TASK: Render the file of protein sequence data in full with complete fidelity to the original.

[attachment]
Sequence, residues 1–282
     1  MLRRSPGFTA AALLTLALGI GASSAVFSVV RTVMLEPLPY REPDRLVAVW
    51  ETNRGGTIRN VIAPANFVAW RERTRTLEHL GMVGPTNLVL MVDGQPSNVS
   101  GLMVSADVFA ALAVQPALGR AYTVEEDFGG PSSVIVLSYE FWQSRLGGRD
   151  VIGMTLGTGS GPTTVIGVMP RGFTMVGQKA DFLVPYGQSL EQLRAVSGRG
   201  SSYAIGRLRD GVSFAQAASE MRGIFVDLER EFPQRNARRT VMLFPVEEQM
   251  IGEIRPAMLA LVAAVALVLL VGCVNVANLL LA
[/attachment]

Sequence, residues 1–282
     1  MLRRSPGFTA AALLTLALGI GASSAVFSVV RTVMLEPLPY REPDRLVAVW
    51  ETNRGGTIRN VIAPANFVAW RERTRTLEHL GMVGPTNLVL MVDGQPSNVS
   101  GLMVSADVFA ALAVQPALGR AYTVEEDFGG PSSVIVLSYE FWQSRLGGRD
   151  VIGMTLGTGS GPTTVIGVMP RGFTMVGQKA DFLVPYGQSL EQLRAVSGRG
   201  SSYAIGRLRD GVSFAQAASE MRGIFVDLER EFPQRNARRT VMLFPVEEQM
   251  IGEIRPAMLA LVAAVALVLL VGCVNVANLL LA